WASHINGTON — Amazon may have risen to prominence in the cloud computing market on the strength of its business-to-business channel, but the Web giant is increasingly setting its sights on the public sector, targeting government agencies, educational institutions and nonprofit organizations with its Amazon Web Services platform.
Amazon is notably tight-lipped about the financial details of its business lines, but at a conference yesterday, the company offered some insight into the growth of its public-sector cloud offerings.
To date, AWS has won contracts with more than 800 government agencies, more than 3,000 educational institutions, and more than 10,000 nonprofit organizations. It's the first time the company has broken out a customer count in the nonprofit sector.
Teresa Carlson, vice president of the worldwide public sector with AWS, points to a constellation of factors, from government mandates to cost pressures and broader acceptance of the cloud model, indicating that the public sector can no longer be a sidelight to Amazon's enterprise cloud business.
But catering to government and other tightly regulated sectors puts a premium on issues such as security and compliance, Carlson points out, noting the work Amazon has done to win certifications such as FedRAMP and the various levels of authorization to operate, or ATO, within the defense community.
"Everything we talk about should have relevancy to our public sector customers," Carlson says. "What's important to you is important to us, and we understand that you cannot do your work efforts without ensuring compliance and security across your enterprise."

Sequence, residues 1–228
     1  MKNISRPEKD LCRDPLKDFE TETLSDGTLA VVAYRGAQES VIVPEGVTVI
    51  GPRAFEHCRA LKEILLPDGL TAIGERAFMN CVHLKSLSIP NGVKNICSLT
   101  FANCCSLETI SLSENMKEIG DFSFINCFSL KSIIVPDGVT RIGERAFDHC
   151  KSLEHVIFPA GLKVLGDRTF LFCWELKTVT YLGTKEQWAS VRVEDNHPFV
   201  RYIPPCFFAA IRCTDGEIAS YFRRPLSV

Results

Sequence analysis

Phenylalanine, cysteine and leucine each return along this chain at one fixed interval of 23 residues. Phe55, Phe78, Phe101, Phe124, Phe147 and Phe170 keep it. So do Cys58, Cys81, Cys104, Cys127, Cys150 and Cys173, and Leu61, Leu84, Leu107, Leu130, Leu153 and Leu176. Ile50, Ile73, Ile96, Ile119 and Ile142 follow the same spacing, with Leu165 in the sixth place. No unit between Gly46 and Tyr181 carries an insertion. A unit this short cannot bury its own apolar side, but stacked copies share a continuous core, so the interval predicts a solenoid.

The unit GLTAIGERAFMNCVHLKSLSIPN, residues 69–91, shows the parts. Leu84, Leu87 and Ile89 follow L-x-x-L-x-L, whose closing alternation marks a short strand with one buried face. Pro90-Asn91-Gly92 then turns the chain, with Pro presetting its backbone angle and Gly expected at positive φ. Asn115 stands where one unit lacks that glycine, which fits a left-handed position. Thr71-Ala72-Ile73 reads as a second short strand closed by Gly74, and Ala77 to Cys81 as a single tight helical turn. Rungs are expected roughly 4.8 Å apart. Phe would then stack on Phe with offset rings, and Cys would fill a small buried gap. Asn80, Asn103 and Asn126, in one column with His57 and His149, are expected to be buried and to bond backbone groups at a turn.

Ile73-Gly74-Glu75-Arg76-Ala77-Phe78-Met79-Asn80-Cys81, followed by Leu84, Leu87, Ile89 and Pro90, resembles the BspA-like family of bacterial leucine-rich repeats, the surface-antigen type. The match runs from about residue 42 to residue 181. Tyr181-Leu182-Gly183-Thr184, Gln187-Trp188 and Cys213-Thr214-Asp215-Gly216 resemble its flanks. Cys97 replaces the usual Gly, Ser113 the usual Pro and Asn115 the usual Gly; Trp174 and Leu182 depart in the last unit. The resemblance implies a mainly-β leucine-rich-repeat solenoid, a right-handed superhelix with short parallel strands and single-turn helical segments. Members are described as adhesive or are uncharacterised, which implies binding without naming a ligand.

AWS Marketplace Now Covers Education, Research
Central to Amazon's effort to grow its cloud business is the AWS marketplace, which Carlson describes as "very much like Amazon.com for software tools" in the way that listings are organized and available for purchase.
That marketplace, with more than 1,500 applications available, expanded with Amazon rolling out a new category yesterday — education and research — to house software tools specific to those verticals. "We're rallying the teams to put their solutions up on the marketplace," Carlson says.
Just a day earlier, the CIO of the CIA, which is in the midst of its own transition to AWS, called on vendors and developers to use the Amazon platform to build applications that could serve the intelligence community.
Public sector interest in the cloud has been building for years and comes amid an enthusiasm at the Office of Management and Budget for technology that can make federal agencies more agile and efficient, lower costs, and redirect scarce human resources back toward the mission of the enterprise and away from maintaining legacy systems.
Amazon and a host of other cloud players see a fertile market in the federal government, the nation's largest single buyer of IT, as it (slowly) works its way into the cloud.
But the cloud is only one of several capital-letter priorities that sit on the government's IT agenda. Among other things, agencies have been tasked with pushing more of their data onto the open Web in a machine-readable format in the hope of spurring new research and application development.
[ Analysis: Government Eager (But Struggling) to Make Data Available ]
Amazon wants to play there, too. Carlson envisions the AWS marketplace as a catalog for big research data sets, particularly in the new vertical, allowing scientists and developers to build on each other's work.
"We can put all those open data sets up there. We're beginning to be the place to go to crowdsource data sets and take advantage of that for research, for education, for whatever you're doing," she says. "You're going to continue to see this grow … and we're going to continue to add more categories that make sense for our customers in the worldwide public sector space."